"I've always thought there are two kinds of celebrities. There are people who really want to be celebrities. There are other people who want to be good at their craft. The ones who want to be famous are the ones who you hear about all the time. The ones who are studying and honing their craft have to do that out of the spotlight. You can't learn anything when you're out (in the spotlight) all the time."
Johnny Mathis (The Charlotte Observer, April 25, 2008)
Outside of the Old School Mix, I really didn't tell a lot of people about my recent television appearance. Make no mistake, I told those who didn't already know about the book (After The Dance) and shared with them all of the details about the two signings I had scheduled while in Memphis. But the TV and radio stuff, I left to others, like my proud hubby who called up just about everybody and their mama's (LOL).
Those who know me well understand that I'm fully content being in the background. I have no real desire to be in front of the somebody's camera or even behind somebody's mike (my dream of being a DJ fizzled a long time ago). I'm more than willing to step aside and leave the place on the stage marked as "the center of attention" to the more spotlight hungry.
Ain't it funny how those things you enjoy the least, often seem hell-bent on chasing you down? When I worked at the public library in Memphis, seemed like somebody was always sticking a camera in my face: on one occasion, I had to do an impromptu TV promo for the library's Magazines/Newspapers department and on another, I had to do a televised spot for an African American film festival I'd helped coordinate.
Shortly after my son learned that I was going to be on television, he struck up a loud chant of, "Mama's gonna be famous! Mama's gonna be famous!" Every couple of hours, he'd break into another round and finally I asked him, "Are you still gonna love Ole Moms even if she isn't famous?" Of course, being a good son, who loves regular meals, clean clothes and on-call chauffering, his answer was a resounding, "Yes!" (LOL)
I suppose, among other things, the point I'm trying to make is, I love writing and certainly, I love it all the more when folks find what I write entertaining and enjoybable. But I've never had a desire to be thought of as famous or a celebrity. I've never set as my goal "getting rich" from my work. Now, I would love to see some of my work on the big screen, but the satisfaction I would derive from doing so doesn't necessarily have a dollar sign or a certain number of zeroes attached to it. Sorry, if that disappoints, but I'm just simple like that (pun intended *smile*).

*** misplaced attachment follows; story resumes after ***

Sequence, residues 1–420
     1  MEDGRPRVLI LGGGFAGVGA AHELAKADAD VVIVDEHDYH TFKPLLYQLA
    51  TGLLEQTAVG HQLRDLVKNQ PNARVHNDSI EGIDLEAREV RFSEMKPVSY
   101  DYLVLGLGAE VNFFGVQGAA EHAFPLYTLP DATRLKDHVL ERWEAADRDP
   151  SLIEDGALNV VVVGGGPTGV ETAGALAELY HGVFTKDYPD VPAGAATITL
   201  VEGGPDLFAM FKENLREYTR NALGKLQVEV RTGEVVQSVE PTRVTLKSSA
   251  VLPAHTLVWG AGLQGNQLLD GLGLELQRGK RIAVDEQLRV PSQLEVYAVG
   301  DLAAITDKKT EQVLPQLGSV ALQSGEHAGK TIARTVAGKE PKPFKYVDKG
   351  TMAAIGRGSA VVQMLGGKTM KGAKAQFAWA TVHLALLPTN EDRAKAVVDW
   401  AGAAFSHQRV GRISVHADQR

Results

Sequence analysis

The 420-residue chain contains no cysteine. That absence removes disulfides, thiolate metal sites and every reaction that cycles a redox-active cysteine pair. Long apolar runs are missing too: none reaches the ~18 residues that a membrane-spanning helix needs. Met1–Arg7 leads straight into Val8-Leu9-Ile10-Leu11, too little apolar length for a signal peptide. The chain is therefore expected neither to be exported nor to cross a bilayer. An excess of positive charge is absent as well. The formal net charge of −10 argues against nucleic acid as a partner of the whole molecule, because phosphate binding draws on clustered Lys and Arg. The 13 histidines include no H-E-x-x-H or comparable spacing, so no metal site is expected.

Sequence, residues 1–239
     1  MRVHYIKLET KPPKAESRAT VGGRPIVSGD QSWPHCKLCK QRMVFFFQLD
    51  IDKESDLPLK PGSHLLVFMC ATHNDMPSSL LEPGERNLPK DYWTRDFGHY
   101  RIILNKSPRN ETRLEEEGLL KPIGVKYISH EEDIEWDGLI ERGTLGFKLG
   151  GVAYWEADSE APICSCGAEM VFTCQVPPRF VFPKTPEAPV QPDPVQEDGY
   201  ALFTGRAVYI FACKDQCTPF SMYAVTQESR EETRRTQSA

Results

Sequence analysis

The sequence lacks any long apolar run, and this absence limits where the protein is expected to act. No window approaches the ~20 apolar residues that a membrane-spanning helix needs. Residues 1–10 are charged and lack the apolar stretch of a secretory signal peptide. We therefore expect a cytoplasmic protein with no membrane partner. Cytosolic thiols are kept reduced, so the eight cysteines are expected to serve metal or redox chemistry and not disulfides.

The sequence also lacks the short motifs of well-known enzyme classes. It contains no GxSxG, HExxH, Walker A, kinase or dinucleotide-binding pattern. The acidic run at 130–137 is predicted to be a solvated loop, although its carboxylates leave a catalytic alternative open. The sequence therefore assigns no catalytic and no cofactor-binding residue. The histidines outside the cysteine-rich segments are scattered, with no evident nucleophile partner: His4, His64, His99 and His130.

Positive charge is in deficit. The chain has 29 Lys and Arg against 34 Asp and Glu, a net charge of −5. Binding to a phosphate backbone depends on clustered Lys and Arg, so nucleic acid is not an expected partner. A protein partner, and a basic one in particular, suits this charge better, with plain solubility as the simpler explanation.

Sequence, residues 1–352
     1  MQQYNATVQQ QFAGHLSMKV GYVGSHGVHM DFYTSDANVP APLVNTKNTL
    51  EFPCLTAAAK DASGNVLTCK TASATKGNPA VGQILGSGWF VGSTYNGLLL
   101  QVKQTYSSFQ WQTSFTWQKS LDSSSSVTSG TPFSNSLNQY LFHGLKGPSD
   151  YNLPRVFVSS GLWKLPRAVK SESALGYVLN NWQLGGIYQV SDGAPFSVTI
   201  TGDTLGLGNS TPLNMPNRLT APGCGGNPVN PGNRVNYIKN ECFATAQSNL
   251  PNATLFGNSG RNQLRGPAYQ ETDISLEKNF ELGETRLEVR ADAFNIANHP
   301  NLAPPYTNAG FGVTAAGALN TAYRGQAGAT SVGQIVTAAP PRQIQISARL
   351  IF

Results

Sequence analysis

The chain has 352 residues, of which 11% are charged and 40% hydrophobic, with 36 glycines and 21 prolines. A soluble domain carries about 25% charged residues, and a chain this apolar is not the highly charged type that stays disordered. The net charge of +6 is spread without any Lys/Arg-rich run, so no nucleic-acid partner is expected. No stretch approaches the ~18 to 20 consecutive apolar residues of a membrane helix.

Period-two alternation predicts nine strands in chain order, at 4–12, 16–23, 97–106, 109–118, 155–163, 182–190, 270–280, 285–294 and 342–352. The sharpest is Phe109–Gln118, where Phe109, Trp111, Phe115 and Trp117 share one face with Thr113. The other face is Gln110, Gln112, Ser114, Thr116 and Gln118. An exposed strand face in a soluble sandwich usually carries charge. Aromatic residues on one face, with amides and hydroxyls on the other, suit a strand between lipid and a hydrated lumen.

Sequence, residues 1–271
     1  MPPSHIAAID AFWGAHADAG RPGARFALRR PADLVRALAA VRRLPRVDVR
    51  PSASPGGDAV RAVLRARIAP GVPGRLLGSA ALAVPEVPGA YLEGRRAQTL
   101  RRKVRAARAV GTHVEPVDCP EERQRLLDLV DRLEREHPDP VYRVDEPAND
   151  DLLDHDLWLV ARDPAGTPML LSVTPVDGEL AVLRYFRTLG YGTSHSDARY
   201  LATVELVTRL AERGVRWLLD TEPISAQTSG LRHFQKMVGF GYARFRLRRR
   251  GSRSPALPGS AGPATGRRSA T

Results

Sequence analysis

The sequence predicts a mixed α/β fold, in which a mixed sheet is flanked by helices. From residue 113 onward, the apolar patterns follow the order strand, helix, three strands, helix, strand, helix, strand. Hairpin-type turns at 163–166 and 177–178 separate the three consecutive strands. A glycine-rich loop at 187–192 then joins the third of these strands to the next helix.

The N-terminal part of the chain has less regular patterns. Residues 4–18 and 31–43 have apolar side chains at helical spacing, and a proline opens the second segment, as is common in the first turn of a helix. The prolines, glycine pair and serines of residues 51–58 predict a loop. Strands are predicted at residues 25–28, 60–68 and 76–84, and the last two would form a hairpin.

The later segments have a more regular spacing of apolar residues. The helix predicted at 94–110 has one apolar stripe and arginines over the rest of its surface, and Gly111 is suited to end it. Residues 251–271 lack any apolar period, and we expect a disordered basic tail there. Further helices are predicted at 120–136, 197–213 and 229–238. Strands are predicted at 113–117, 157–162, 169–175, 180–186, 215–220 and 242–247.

A lot of what I despise about today's arts scene (whether literary, theatrical, musical or otherwise) is the whole "15 minutes of fame" and "everybody's entitled or dang well oughta wanna be a star" notion. Bump that. Rather than doing some of everything (whether legal or illegal; moral or immoral; outrageous or just outright dumb) in order to draw attention to themselves, I really wish more folks (both artists and non-artists) would follow the advice shared in the quote above. Obviously, it's worked well for the 72-year-old crooner, known as Johnny Mathis. He's been in the game for fifty-two years and he's still going strong. Not only does he still perform, he can still draw a decent size crowd.
Think about some of today's more popular singers, writes, musicians, actors and the like. Who, among them, will still have a viable career, be in their right minds or even drawing a breath in the land of the living ten to fifteen years from now? Of course, nothing's promised and anyone of us could get hit by a bus tomorrow. Moreover, a lot of today's youngsters wouldn't know Johnny M. or likely be at all impressed by him, even if he turned up butt-naked on their favorite reality show, but I'm just saying . . .